Through a combination of core and specialist modules, the MSc in International Relations is constructed around a series of modules that will help you analyse the multifaceted origins, evolution and conflictual development of the international political system.
You will explore the analytical application of a range of the core theories and contemporary concepts that make up the canon of International Relations. You will also interrogate the relative merits and shortcomings of ideologies, political, economic and socio-cultural philosophies, structures of power, and systems of governance across in order to better understand the global political system.
Modules on International Relations (as well as the Security Studies specialism) are comprised of formal lectures on key themes of IR, security and globalisation, and interactive seminars that explore global actors, structures, and policies, making use of a robust range of teaching and learning styles to deconstruct this complex and fast changing subject area.
Based on nationally recognized, award winning teaching styles, graduate classes are engaging and interactive, ranging from simulation games that reflect the actual workings of an international institution or a given security actor, to negotiation-based group work, as well as the analysis of key international policy texts, treaties or conventions, Students are encouraged to produce work in the form of briefing notes, blogs and pieces of advocacy, all focusing on contemporary challenges to the international structure, ensuring that students completing the MSc in International Relation graduate with an advanced knowledge of their chosen area through the most contemporary pedagogic styles.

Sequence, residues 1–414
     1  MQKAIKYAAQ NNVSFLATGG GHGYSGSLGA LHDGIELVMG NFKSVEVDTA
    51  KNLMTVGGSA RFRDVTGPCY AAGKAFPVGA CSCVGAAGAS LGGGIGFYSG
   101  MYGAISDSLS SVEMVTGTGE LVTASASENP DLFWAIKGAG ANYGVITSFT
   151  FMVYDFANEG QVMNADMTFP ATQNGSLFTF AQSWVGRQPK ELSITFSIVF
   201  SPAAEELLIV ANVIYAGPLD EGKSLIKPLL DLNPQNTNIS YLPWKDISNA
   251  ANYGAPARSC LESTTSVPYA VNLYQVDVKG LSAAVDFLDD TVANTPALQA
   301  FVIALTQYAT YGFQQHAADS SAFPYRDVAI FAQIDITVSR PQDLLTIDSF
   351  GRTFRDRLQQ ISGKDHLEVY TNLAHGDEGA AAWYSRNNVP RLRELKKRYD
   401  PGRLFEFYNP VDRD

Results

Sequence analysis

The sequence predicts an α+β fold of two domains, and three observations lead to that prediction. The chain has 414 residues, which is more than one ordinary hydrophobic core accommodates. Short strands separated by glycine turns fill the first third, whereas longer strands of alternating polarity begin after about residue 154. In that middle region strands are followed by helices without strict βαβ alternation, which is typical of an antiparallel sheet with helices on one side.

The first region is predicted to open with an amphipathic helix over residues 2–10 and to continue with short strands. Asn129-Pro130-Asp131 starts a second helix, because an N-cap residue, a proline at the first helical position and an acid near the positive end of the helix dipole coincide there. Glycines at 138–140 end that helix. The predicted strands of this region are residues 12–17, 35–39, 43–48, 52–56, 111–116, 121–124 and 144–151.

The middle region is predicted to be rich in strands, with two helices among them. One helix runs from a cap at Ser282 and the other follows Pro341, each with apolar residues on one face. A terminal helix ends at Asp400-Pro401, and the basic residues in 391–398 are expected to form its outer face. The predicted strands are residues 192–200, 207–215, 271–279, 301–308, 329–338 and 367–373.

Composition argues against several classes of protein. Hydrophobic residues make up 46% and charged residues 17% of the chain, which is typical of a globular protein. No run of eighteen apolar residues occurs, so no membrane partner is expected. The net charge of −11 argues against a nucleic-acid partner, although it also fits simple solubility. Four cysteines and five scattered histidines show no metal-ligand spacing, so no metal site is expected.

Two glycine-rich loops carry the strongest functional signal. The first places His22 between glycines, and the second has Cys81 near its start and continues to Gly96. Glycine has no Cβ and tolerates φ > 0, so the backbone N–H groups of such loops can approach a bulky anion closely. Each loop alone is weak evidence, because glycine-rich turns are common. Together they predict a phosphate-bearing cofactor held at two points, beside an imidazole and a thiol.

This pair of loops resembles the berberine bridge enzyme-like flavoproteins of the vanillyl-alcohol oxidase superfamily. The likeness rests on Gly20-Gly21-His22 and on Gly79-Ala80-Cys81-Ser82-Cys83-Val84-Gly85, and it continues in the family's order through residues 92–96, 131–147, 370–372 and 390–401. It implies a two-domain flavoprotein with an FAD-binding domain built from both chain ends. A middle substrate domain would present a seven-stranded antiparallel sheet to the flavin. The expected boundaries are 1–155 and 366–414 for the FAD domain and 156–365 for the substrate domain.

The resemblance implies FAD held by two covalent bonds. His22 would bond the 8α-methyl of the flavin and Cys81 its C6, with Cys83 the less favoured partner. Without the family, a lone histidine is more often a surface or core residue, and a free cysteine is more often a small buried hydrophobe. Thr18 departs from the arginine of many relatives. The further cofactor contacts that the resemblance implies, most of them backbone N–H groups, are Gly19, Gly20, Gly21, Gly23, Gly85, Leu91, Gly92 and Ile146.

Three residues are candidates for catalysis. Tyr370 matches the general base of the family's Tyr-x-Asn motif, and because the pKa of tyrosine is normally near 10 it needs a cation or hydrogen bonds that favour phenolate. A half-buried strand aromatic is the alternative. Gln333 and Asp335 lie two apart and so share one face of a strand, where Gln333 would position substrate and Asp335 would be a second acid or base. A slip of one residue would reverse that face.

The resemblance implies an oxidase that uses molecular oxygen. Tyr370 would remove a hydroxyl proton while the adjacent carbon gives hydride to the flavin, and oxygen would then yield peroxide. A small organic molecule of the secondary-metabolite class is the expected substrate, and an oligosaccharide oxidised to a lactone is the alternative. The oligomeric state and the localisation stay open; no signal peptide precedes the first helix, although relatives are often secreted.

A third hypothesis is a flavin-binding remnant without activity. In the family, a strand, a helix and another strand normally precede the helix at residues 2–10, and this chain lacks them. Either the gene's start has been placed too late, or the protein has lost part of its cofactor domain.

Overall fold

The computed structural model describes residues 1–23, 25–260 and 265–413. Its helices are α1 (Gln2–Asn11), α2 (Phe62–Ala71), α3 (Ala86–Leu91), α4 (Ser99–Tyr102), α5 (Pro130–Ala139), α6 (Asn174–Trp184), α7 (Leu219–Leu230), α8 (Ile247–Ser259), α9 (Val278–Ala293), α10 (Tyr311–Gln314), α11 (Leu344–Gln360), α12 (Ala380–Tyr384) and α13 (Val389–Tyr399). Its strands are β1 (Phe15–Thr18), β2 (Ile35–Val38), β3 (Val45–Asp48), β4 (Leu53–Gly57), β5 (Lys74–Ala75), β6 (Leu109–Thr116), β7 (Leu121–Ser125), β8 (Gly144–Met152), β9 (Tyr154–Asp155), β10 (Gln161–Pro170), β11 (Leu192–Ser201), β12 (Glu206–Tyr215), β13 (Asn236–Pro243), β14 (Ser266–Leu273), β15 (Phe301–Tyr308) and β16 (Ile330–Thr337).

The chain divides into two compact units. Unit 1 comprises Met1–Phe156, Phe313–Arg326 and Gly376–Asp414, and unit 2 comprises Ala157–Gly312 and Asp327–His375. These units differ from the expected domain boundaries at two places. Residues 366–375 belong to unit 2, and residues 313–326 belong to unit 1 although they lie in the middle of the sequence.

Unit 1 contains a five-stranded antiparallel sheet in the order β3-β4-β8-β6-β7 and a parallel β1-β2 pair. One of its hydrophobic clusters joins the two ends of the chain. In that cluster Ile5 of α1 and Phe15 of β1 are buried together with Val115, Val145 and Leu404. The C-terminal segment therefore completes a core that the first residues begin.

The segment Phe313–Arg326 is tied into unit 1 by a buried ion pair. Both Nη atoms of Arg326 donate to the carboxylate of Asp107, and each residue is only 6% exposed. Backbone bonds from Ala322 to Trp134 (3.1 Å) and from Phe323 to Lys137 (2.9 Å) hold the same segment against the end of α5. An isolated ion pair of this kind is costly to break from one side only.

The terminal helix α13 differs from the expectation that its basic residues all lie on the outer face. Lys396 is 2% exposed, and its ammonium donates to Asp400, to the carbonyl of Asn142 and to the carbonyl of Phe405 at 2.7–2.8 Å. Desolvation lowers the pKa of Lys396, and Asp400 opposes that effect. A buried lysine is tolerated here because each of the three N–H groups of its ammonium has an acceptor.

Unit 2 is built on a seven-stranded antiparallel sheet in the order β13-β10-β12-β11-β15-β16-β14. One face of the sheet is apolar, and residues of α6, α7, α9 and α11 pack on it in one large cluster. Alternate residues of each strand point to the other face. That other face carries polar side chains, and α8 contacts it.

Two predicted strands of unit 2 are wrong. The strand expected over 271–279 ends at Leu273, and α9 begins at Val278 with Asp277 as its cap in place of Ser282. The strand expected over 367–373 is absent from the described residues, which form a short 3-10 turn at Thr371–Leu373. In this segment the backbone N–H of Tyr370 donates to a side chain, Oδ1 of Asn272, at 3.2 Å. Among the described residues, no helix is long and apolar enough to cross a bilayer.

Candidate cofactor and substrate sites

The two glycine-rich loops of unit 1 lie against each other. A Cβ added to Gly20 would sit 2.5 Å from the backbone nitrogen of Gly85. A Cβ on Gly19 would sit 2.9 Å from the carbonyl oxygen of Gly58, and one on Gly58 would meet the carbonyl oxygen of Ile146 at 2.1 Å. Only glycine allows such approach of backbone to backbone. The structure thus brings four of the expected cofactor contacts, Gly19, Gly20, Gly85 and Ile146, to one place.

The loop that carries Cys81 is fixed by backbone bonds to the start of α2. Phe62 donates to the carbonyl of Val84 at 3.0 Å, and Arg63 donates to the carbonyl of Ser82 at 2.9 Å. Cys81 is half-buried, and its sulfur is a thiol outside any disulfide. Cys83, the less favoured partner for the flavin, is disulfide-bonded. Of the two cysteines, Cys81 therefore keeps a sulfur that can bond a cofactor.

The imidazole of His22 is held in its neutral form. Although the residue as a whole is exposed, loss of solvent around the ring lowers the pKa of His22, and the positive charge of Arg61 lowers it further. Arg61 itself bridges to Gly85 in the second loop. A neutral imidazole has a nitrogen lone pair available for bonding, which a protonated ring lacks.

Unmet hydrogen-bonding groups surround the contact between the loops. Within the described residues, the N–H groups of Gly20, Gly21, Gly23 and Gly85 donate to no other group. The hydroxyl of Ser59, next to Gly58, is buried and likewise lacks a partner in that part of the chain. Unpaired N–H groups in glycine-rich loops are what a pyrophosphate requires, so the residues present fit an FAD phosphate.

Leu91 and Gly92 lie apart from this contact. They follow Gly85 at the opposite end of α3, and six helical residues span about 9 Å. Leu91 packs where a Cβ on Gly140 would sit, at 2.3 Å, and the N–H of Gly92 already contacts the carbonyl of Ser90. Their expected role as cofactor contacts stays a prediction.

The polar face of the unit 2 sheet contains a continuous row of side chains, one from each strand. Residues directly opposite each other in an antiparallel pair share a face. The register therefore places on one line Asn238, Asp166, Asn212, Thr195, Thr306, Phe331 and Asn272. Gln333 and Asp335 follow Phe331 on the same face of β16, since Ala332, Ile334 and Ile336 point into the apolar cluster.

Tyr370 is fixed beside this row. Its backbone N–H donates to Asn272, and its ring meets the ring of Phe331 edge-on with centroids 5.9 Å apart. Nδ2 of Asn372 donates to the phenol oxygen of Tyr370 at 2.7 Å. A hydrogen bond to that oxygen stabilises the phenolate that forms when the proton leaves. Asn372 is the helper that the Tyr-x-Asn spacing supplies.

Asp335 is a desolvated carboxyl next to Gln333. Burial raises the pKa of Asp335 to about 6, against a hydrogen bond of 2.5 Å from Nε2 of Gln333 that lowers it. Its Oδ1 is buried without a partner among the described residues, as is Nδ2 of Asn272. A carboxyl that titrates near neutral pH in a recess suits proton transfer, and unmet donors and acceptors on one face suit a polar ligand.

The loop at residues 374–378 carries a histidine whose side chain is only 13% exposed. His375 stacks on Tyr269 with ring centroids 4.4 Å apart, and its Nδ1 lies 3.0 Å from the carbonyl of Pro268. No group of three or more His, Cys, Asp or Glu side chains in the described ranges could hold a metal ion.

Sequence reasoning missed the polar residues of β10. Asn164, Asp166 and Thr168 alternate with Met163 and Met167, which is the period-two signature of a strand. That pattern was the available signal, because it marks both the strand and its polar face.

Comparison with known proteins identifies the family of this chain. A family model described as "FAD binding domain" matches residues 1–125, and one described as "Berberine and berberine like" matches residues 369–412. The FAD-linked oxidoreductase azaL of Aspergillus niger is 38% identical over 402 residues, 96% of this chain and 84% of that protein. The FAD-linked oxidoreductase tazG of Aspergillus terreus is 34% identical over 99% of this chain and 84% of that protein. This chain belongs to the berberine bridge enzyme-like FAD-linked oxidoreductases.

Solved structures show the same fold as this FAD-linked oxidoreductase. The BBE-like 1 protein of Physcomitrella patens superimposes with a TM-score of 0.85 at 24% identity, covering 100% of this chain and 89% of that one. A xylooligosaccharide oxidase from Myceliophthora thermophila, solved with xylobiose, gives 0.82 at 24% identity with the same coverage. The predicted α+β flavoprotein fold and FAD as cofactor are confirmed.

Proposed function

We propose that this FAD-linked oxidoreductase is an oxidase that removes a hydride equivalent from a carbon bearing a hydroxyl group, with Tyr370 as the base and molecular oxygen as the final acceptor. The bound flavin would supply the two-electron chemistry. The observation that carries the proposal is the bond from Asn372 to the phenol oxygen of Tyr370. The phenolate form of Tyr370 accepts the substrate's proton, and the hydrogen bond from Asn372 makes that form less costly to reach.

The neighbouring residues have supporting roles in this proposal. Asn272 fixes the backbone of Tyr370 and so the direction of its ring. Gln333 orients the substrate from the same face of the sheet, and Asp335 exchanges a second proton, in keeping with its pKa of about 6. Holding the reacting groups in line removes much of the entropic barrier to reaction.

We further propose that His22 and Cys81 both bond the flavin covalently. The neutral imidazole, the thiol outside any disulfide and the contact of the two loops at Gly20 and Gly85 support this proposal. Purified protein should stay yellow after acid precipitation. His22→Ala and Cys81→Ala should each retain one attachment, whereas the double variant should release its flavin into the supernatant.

You will follow five core modules, which provide a comprehensive foundation for the pathway as a whole. The modules are taught to all graduate students within the Politics/International Relations programme, introducing them to basic concepts, working approaches, research methodologies and current political dilemmas that help link the scholarly subject matter of International Relations, Politics and European Politics to real-world issues.
Research Methods 1 Introduction to Quantitative and Qualitative Approaches
This module is designed to equip students with theoretical, conceptual and practical research skills at an advanced level of study. The module will examine typical sociological, political science and psychological research questions in relation to the methodologies used to answer them. Students will explore the epistemological issues surrounding quantitative and qualitative approaches and the ways in which these considerations produce different types of knowledges which will be examined in the context of their theoretical traditions. The module will cover introductory methods training in tools such as ethnography, narrative, statistical and discourse analytical methods. Students will use SPSS and NVivo in the physical application of these analysis approaches. This model enhanced autonomous skill development and fosters the ability of students to make professional academic judgments about the application of research methods to their specific research question.
Research Methods 2 Advanced Research Methodology
Research Methods 2: Advanced Research Methodology aims to provide detailed and in-depth knowledge and critical understanding of: advanced quantitative and qualitative theoretical approaches to social research. Advanced research design, data collection, and data analysis tools within the social, psychological and political sciences will be the main focus. The module is designed to allow students to develop their MSc dissertation proposal by focusing on hypothesis and research question development, methodological issues, literature review, structural and content concerns, and the overall management of a larger piece of research in social sciences.